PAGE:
“My waiting period lasted a little longer than most. In fact, I was the girl who was always the bridesmaid and never the bride all through my twenties. When I was younger, I made a list. Describing everything I wanted in my future man. The list was all-inclusive from tall, masculine and handsome to financial security, career drive, and everything. As the years went by I dropped a few things here and there but never the important ones. Only details like he must have green or ebony eyes, and speak fluent Spanish or have a British accent.” The room broke into comical laughter.
“Yes, I know. It reached a point I was just like, ‘aii God fine since I’m not getting my Alejandro it is okay if he is Kenyan but I’m not compromising on his looks. The niggah must be fine.”
I heard a ‘hallelujah’ somewhere in the background and snickers around the room. I continued, “But the years just kept on flying by without asking my permission. Life wasn’t about to slow down for nobody! And suddenly there I was 32years old with no ring on it, no one who even seemed interested in liking it. Talk about depression!
It wasn’t like no man found me attractive. It was that the wrong ones did. I had dated two guys in all. The first one lasted for like three years before I found out he never wanted to get married and he wasn’t about the commitment lifestyle. The second one had no drive. He was very willing to let me pay the bill when we went out for dinner, which I wouldn’t have minded if we were splitting it but he always said I had a higher paying job so I could afford to take care of things. He would look for ways to get stuff out of me, like ask me for gas money. Then he would go out with his boys and somehow had enough money to cover their tabs. We lasted about six months before I kicked him to the curb.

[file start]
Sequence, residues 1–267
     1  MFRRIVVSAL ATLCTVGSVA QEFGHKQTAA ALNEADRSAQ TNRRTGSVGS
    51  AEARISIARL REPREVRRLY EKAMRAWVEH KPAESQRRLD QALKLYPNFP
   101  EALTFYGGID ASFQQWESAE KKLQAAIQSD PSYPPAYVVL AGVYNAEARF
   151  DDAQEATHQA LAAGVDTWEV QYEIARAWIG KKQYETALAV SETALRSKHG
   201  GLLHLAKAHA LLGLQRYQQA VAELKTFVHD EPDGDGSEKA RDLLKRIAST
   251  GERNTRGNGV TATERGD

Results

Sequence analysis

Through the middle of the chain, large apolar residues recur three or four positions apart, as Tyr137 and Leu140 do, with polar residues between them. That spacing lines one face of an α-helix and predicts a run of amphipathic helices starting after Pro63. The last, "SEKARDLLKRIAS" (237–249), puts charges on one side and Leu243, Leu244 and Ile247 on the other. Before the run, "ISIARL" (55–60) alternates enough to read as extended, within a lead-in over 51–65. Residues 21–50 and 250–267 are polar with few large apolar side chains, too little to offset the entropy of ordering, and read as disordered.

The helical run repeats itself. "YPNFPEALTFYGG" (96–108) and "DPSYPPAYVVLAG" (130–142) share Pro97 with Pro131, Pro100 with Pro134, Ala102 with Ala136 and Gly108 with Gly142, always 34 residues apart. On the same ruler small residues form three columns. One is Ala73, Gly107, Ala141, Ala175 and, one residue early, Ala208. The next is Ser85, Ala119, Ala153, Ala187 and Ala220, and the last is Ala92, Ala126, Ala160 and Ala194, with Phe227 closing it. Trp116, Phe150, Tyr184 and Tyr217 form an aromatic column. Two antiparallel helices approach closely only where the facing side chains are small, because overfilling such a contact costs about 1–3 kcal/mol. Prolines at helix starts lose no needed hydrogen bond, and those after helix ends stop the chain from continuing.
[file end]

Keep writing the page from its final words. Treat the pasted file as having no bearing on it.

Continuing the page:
I was fine though, I never showed that it bothered me and during valentines, I would switch off my social media and have a ‘me’ day… which you all should try by the way…. This was before my friends took me out for my dreaded thirty-second birthday. They all had to leave early because one had left her baby at home, the other’s husband kept calling her and other responsibilities of the sort, and it hit me.
I was alone.
On the eve of my thirty-second birthday, after a fabulous night with my girls, I cried myself to sleep.
I was tired, I was done.
The next morning I called in sick to work and stayed home. I went through my list of what kind of man I wanted and I tore it. I then got my journal and started writing a list on, ‘why I need a man’ I realized as the reasons kept flowing from my pen onto the paper most of them were more want than need.